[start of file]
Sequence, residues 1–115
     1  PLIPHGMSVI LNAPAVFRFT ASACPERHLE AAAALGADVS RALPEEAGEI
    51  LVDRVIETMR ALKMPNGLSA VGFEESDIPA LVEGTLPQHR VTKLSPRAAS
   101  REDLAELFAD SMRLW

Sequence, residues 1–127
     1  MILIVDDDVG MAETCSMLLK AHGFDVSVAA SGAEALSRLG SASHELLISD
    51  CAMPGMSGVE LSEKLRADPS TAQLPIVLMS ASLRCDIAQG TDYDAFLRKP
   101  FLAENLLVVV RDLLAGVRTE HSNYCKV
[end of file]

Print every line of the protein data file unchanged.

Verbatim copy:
Sequence, residues 1–115
     1  PLIPHGMSVI LNAPAVFRFT ASACPERHLE AAAALGADVS RALPEEAGEI
    51  LVDRVIETMR ALKMPNGLSA VGFEESDIPA LVEGTLPQHR VTKLSPRAAS
   101  REDLAELFAD SMRLW

Sequence, residues 1–127
     1  MILIVDDDVG MAETCSMLLK AHGFDVSVAA SGAEALSRLG SASHELLISD
    51  CAMPGMSGVE LSEKLRADPS TAQLPIVLMS ASLRCDIAQG TDYDAFLRKP
   101  FLAENLLVVV RDLLAGVRTE HSNYCKV